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Lake City Firefighters Set to Vote On Union Contract. Should They Be Treated Like Other City Employees and the City Manager?

LAKE CITY, FL – For the past three months, Lake City's firefighters, members of the International Association of Fire Fighters, have been actively negotiating a new contract with the City. The final hang-up: should the City's fire fighters receive the across the board 2% cost of living raise received by every other City employee, including the City Manager?


More on the 2020 LCFF union negotiations:
Lake City Firefighters Set to Vote On Union Contract. Should They Be Treated Like Other City Employees?
September 30, 2020
Lake City Firefighter Negotiations Hobbled by Continuing City Failure to Provide Timely Access to Contract Documents
August 14, 2020
Third Round of LC Firefighter Negotiations Lays Groundwork for Monday's City-Union Match-Up
August 6, 2020
City Labor Atny to Firefighters: "We understand your position is the firefighters are underpaid."
July 30, 2020

After three months of negotiations, all issues in the contract between the firefighters and the City have been tentatively agreed upon except the matter of step-raise timing and the cost-of-living raise which is being given to all City employees except those represented by unions.

Presently, the firefighters are fighting to be treated equally, while the police union has not yet begun negotiations with the City.

August 31, 2020, was the last face-to-face Union-City negotiating session. All issues were tentatively agreed upon, except Article 14, "Wages and Classifications."

By this time, it was clear that the City was considering an across-the-board 2% cost of living raise for all City employees.

After the first hour of negotiations, the City's negotiator, Eric Holshouser of Rogers-Towers Law, said, "This is our last offer; we're at the end of a rope here with the amount of benefits we're willing to provide in this negotiation... and hope that you will take it back and ratify it."

Like being at a fire that refused to go out, Lake City firefighters fought on.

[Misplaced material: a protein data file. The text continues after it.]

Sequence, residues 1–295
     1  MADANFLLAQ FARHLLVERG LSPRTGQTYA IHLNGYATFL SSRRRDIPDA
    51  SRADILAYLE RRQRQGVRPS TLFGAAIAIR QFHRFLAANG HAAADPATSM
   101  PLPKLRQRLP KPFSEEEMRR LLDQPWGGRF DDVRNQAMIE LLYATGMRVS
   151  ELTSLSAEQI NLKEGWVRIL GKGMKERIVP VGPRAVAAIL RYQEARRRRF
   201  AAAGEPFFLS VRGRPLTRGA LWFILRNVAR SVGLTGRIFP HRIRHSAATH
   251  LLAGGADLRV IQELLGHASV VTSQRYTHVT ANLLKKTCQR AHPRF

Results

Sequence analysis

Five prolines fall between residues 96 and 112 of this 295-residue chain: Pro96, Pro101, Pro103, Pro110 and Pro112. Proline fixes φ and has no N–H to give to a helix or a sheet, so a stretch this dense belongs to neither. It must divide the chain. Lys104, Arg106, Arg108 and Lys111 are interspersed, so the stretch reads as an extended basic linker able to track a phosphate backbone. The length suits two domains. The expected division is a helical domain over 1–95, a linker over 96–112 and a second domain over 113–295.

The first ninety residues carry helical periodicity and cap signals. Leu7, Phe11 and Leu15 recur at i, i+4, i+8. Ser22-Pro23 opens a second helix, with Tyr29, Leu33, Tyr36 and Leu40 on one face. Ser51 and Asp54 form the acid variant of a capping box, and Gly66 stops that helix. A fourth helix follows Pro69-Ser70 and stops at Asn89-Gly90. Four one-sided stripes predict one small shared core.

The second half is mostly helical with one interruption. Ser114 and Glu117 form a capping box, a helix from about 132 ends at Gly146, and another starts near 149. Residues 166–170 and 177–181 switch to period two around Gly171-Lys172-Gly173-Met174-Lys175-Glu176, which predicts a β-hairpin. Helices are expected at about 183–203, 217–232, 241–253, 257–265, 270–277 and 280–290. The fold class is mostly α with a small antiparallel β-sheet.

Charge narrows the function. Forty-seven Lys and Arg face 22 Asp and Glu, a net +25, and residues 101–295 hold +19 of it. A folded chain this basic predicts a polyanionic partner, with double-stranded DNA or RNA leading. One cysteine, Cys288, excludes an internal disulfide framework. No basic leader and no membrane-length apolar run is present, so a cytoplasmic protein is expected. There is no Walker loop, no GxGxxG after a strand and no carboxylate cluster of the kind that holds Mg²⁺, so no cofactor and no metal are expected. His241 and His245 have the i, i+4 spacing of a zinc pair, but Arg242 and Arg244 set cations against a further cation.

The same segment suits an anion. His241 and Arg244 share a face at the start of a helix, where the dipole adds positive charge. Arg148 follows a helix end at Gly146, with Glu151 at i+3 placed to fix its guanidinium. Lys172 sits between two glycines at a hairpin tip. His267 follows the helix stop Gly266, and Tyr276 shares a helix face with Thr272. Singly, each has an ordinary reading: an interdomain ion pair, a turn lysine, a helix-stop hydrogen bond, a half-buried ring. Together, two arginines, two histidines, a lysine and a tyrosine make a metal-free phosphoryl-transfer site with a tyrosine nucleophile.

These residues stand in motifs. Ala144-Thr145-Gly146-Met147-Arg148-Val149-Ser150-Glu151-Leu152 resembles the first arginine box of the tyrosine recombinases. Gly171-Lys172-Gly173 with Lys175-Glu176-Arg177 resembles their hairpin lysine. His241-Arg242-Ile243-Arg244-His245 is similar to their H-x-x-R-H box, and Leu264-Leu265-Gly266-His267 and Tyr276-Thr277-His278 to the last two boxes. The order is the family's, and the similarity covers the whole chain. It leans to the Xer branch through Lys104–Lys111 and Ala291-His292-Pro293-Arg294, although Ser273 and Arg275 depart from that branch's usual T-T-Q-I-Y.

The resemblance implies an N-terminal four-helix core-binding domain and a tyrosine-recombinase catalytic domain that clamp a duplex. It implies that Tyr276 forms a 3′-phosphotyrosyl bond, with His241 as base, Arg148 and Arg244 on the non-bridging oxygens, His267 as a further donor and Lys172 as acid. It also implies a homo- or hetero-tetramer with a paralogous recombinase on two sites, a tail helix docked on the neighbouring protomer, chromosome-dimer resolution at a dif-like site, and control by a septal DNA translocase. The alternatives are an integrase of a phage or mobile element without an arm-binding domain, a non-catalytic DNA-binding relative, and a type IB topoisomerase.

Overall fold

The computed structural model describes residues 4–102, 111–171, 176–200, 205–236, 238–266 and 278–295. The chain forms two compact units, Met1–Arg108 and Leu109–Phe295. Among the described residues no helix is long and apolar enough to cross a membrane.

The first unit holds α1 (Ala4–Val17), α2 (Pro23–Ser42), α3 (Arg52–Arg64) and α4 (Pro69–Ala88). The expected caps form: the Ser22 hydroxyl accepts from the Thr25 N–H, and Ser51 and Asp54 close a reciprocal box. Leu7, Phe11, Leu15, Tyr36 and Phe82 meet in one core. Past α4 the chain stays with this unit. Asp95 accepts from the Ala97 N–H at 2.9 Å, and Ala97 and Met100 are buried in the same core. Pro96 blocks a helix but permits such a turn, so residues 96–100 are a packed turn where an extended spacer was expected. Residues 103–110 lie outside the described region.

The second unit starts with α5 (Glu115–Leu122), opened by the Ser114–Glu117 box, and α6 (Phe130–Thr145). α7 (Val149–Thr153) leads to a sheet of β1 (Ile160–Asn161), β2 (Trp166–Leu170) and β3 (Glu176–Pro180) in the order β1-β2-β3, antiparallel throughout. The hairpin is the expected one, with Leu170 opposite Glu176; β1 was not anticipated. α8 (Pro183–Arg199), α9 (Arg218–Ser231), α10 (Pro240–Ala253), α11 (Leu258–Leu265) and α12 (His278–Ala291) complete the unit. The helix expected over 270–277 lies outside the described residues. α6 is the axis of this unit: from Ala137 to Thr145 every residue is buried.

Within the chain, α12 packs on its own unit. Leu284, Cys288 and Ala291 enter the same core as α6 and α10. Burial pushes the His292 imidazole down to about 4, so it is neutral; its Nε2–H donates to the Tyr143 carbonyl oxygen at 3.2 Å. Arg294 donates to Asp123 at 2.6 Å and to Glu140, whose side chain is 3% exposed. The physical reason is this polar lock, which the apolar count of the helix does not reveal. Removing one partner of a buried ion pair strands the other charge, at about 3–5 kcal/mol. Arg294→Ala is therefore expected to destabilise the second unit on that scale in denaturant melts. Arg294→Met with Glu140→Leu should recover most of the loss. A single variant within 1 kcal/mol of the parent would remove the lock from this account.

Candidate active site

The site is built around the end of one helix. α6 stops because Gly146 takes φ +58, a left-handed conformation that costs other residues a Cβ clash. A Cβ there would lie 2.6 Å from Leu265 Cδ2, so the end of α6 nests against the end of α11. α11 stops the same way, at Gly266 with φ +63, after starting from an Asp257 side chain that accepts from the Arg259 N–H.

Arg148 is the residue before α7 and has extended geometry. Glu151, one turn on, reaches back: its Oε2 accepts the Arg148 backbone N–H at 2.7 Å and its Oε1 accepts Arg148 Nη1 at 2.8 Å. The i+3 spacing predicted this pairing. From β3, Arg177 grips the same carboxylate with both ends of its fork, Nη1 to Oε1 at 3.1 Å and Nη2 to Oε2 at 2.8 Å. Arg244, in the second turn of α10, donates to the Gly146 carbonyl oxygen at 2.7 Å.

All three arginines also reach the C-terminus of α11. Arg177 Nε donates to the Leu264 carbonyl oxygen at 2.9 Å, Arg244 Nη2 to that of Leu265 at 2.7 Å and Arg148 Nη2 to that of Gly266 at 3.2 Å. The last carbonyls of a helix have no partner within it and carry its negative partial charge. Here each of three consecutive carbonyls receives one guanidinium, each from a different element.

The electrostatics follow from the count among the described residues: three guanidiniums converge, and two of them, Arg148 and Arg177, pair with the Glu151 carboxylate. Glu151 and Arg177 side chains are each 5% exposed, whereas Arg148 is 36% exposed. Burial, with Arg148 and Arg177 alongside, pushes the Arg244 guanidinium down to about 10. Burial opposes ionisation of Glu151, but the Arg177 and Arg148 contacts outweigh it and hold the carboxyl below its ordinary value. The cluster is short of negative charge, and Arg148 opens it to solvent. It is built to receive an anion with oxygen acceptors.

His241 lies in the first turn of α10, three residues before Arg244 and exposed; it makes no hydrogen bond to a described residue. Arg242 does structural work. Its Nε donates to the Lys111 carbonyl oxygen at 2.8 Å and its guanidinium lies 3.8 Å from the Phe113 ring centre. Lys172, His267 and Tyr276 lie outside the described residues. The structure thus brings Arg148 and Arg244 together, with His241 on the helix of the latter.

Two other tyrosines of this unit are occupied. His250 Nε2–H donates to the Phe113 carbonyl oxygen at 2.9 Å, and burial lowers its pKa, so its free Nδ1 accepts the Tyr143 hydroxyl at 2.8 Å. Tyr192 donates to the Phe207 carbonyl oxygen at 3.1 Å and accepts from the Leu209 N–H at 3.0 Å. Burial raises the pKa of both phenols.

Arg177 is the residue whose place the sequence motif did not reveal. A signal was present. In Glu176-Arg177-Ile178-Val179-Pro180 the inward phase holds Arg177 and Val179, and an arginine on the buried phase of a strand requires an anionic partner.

The Union team pointed out that the step raises proposed by the City barely affected any of the 21 firefighters. They recommended a change, which they said would make it fairer and practical.


Austin Thomas during the August 20 in person negotiations.

Austin Thomas, the fire fighter's negotiator, told the City that the Union had added a "me-too" clause to Article 14. The "me-too" clause gives the firefighters the same benefit that a regular City employee would receive.

Mr. Thomas said, "If the City plans on giving out a bonus for Christmas like they've done in the past or if they wanted to give a cost of living raise, then the members covered under this bargaining unit would receive the same raise."

Mr. Thomas asked, "Does the City have any plans to give an increase this year?"

City Manager Helfenberger answered, "I'm looking at a 2% for non-union full time."

City Labor Attorney Eric Holshouser during the last virtual negotiations.

City Labor Negotiator Holshouser jumped in, "This is something that we've not discussed before, and I think adding proposals at this juncture is going to go in the wrong direction."

 Mr. Thomas replied, "If the City is going to give a 2% for every other department, we want to stay in line with the rest of the City."

Attorney Holshouser said, "I don't think that is going to be acceptable. That costs more, and we told you that the proposal is as far as we can go economically."

The firefighters have calculated the "me-too" cost at approximately $15,000 to cover the 21 firefighters.

The City's 2021 budget is over $51,000,000

At about two hours into the negotiations, after Attorney Holshouser again said the Union had received the City's "last best final offer," Chief Burnham doubled down.

Chief Burnham told the Union, "I think we've been more than generous in offering and offering and giving and giving. We've given you two more certifications; two more opportunities to get a three percent increase in your pay... 27 percent in all if you carry all those certifications... You guys have improved this contract tremendously and we're going to just stick with what we've got. Our last and final proposal has been sent to you."